Back to Elbląg railway station, this time for the twenty minute journey into Malbork, which is another new town for me.
I didn’t look too much at this before, but it’s the grand hall at Elbląg railway station. There’s a little shop and waiting area to the left, with the ticket office on the right. I don’t buy tickets at the railway stations, it’s easier for me to do that on-line and just have the ticket on my phone.
Mine was the 11:17 train, but there were fewer trains than I expected leaving from the station, roughly one per hour.
Looking back at the station’s main hall from platform 2.
And on time, my train pulls into the station, with something like 12 carriages. It was busier than I expected, but it’s an Intercity service rather than a regional train. An elderly Polish lady barged me and two other passengers out of the way, before realising that her large bag was too big to fit by her seat, so she caused a queue of people to wait whilst she shuffled back along the carriage with her excessive luggage. That sort of behaviour is unusual in Poland, but I’d have waited for her to board anyway, I was unsure of her desperate rush.
The seat reservation system on Intercity trains has always been respected when I’ve been on Polish trains, something that the British system fails to achieve. The carriage was fairly full, but my seat was available without an issue. My ticket wasn’t checked, but there wasn’t much time for the staff to perform those checks given the short length of the journey. The view was mostly just countryside, this is a rural part of Poland, and unlike the regional trains, this Intercity train didn’t stop at the smaller railway stations en route.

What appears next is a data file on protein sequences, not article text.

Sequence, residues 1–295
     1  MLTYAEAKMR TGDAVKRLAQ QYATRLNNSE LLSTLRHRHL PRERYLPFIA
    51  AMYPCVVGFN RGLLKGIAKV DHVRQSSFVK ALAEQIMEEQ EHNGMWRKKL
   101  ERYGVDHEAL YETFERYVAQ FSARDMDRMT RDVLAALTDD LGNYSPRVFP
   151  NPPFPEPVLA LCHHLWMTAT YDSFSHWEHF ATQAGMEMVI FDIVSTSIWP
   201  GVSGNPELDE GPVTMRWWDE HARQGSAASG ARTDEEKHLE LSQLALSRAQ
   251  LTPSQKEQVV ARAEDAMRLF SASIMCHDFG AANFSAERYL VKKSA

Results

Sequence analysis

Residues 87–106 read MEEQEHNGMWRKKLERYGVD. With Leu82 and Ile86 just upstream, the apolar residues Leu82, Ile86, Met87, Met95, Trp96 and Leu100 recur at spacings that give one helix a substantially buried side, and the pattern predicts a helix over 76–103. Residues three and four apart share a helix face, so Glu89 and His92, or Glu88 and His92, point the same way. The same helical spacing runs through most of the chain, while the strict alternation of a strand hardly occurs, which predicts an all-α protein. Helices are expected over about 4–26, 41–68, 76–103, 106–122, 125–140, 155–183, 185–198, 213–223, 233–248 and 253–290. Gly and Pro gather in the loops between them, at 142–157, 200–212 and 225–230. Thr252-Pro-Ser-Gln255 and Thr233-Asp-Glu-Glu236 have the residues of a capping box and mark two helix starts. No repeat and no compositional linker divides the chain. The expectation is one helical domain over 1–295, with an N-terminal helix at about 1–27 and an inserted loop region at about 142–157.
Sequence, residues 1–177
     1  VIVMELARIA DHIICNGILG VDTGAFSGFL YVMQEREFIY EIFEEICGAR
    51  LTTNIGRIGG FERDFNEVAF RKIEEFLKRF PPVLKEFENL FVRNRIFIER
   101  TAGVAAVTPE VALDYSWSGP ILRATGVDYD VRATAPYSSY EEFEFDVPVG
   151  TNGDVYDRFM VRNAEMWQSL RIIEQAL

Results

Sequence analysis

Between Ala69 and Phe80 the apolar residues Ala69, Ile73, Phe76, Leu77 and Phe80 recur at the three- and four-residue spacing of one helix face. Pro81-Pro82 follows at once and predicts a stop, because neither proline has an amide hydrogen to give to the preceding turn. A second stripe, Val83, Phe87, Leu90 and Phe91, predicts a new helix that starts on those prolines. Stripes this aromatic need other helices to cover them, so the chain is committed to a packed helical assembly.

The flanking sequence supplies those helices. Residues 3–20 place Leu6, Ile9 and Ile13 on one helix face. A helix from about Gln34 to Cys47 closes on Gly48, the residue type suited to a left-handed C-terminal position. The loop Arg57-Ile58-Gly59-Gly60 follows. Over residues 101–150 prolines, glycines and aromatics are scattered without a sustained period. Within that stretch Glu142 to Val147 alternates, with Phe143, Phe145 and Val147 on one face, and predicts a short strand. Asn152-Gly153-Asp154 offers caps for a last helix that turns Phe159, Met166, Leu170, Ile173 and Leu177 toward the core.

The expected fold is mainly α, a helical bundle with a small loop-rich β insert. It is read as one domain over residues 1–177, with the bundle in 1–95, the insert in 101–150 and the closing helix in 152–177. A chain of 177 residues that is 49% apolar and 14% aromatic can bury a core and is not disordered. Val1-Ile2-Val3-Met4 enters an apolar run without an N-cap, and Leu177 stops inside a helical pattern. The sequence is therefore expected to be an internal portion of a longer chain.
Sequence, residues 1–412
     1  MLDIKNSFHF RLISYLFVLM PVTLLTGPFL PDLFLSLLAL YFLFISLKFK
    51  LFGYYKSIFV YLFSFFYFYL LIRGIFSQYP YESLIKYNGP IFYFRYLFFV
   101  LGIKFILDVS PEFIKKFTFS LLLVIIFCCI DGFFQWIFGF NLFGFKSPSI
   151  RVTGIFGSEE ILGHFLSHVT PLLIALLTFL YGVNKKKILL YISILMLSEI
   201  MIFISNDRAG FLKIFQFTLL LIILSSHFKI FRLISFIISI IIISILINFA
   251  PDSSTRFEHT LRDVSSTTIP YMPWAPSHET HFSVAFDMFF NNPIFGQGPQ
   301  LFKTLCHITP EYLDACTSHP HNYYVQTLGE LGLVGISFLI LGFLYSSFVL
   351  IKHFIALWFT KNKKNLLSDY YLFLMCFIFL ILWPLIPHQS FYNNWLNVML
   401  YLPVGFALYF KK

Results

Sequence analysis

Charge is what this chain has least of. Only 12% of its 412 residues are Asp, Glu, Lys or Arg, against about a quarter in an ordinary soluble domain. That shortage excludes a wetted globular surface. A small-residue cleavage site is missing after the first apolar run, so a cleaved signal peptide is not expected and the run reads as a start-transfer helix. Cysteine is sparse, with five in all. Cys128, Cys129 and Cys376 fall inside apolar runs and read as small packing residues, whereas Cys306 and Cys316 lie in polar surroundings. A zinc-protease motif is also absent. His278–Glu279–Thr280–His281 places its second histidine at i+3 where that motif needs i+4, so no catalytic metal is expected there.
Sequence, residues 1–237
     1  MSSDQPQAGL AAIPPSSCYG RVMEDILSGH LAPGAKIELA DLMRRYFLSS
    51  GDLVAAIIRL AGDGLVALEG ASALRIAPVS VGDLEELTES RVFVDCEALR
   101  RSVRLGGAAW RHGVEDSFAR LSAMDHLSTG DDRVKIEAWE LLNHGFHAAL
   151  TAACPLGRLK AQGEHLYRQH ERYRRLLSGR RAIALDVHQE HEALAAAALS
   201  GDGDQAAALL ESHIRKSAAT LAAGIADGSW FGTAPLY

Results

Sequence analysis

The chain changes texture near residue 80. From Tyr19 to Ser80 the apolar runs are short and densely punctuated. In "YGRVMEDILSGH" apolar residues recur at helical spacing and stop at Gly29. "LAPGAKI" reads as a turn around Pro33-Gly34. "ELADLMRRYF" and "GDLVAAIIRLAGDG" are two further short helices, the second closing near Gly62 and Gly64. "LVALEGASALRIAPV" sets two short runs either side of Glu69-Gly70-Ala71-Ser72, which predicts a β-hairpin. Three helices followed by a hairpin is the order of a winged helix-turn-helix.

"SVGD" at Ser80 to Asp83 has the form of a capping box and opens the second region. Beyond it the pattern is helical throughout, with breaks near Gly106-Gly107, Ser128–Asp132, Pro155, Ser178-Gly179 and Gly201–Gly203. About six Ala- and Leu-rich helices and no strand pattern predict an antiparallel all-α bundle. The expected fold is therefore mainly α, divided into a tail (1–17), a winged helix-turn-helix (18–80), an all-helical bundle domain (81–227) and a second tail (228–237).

The train arrived into Malbork two minutes early.
Rather wide platforms I thought…. The train fare to get here was £2 and everything ran as expected this time, unlike my journey to get to Elbląg.
It’s a cold day in Malbork, it’s something of a temperature shock to go from the warmth of the train to the cold surroundings of Poland in January. The very Germanic looking building was constructed in 1891 and it survived the Second World War, but only because the Polish authorities were able to save it from an arson attack led by the Red Army.
As an aside, the town (then known as Marienburg) voted in 1920 to join Eastern Prussia rather than Poland, so this was a German run railway station until the end of the Second World War. Although railway stations in Ireland were once operated by Great Britain before the country gained independence, this concept of places changing their names and being in different territories is still one that fascinates me, as it isn’t something I’ve needed to think about when in England for example.